The following is a brief summary of the guidelines for use of commonly available blood components. An evidence-based approach to blood component transfusion has resulted in many long-standing transfusion dogmas being challenged and better guidelines for their use being developed for safe, effective clinical practice. Figure 151-1 illustrates the general approach to the decision to transfuse blood components, with the emphasis on patient blood management and how blood component therapy fits into the bigger picture.1

Red Blood Cell Concentrates

Appropriate and inappropriate use of red blood cell (RBC) transfusions in acute medicine has received considerable attention in recent years; however, identifying the benefits of RBC transfusion in many circumstances has been difficult.23 The question of the lowest safe hematocrit continues to receive considerable attention. Pushing any aspect of a system to its limits risks “sailing close to the wind” and may be appropriate in some situations but potentially hazardous in others. In an otherwise stable patient, the transfusion of RBC concentrates is likely to be inappropriate when the hemoglobin level is above 100 g/L. Their use may be appropriate when hemoglobin is in the range 70 to 100 g/L if there are other defects in the oxygen transport system. The decision to transfuse should be supported by the need to relieve clinical signs and symptoms of impaired oxygen transport and to prevent morbidity and mortality, ultimately to improve clinical outcomes. The transfusion of RBC concentrates is likely to be appropriate when hemoglobin is less than 70 g/L and the anemia is not reversible with specific therapy in the short term, but lower levels may be acceptable in patients who are asymptomatic, especially in the younger age group.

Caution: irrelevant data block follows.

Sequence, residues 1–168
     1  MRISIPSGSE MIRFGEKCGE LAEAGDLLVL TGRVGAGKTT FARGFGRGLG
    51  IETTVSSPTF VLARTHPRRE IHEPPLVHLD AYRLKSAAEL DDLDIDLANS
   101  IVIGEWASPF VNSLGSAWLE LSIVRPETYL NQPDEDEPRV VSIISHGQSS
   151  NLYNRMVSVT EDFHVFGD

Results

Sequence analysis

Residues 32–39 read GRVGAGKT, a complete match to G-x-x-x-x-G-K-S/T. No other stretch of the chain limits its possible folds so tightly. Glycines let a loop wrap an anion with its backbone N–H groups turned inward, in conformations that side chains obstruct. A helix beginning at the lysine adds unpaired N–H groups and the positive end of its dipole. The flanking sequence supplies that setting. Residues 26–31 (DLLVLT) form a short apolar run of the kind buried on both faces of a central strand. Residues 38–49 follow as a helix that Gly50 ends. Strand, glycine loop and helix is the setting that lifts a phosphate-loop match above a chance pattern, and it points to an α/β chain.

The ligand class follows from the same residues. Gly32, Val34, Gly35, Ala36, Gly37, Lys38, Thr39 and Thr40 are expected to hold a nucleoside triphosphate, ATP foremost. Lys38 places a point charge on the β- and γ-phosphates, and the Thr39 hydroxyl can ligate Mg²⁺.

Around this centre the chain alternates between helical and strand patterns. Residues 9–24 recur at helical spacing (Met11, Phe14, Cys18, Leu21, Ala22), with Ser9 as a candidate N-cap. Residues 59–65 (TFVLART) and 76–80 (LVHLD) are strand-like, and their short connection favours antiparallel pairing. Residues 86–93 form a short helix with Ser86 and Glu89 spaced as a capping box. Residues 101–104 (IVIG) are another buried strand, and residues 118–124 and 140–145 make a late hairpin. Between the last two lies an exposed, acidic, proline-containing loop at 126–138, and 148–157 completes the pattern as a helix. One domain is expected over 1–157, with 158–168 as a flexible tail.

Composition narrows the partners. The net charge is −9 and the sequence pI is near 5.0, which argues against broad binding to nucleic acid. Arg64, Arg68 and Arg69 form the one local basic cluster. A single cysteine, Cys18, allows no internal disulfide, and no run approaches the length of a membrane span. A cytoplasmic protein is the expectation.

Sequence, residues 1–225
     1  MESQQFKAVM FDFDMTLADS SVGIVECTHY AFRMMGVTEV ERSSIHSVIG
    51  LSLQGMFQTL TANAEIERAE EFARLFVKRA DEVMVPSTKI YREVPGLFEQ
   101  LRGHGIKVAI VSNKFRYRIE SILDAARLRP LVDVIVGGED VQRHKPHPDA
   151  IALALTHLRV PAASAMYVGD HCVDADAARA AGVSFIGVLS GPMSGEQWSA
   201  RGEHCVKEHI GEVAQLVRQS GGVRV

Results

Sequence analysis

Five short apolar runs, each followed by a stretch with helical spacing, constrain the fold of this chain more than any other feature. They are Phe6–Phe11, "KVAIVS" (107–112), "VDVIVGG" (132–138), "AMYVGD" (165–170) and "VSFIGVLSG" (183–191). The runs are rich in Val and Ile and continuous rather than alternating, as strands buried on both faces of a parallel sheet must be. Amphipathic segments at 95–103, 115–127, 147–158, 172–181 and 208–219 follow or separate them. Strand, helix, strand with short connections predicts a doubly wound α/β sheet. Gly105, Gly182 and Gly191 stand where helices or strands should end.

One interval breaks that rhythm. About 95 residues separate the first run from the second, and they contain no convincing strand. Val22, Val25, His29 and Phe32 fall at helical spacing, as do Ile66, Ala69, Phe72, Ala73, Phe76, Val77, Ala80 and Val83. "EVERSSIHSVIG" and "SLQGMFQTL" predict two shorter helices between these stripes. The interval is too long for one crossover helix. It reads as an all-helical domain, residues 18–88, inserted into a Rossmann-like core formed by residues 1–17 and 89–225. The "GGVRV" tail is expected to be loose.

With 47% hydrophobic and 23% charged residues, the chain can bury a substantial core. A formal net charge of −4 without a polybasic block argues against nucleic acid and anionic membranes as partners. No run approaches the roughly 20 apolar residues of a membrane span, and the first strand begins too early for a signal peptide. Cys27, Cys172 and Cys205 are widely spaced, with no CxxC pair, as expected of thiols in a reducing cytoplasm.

Platelet Concentrates

Platelet transfusions may benefit patients with platelet deficiency or dysfunction, and there are some general recommendations for their use.4 Prophylactic transfusion of platelet concentrates is indicated in patients with bone marrow failure when the platelet count is (1) less than 10 × 109/L and there are no associated risk factors for bleeding or (2) less than 20 × 109/L in the presence of additional risk factors. However, recent evidence suggests lower levels may be tolerated if there is no clinical evidence of hemostatic failure.

In patients undergoing surgery or invasive procedures, the platelet count should be maintained at greater than 50 × 109/L. In patients with qualitative defects in platelet function, platelet count is not a reliable indicator for transfusion, and transfusion decisions and monitoring of efficacy should be based on the setting and clinical features.

Platelet transfusions are indicated in hemorrhaging patients in whom thrombocytopenia is secondary to marrow failure and is considered a contributory factor to the bleeding. In massively hemorrhaging patients, platelet transfusions in conjunction with correcting plasma coagulation factor deficits are indicated when the platelet count is less than 50 × 109/L or less than 100 × 109/L in the presence of diffuse microvascular bleeding. The transfusion of platelet concentrates is not generally considered appropriate when thrombocytopenia is due to immune-mediated destruction, in patients with thrombotic thrombocytopenic purpura and hemolytic uremic syndrome, or in uncomplicated cardiac bypass surgery.

Fresh Frozen Plasma and Cryoprecipitate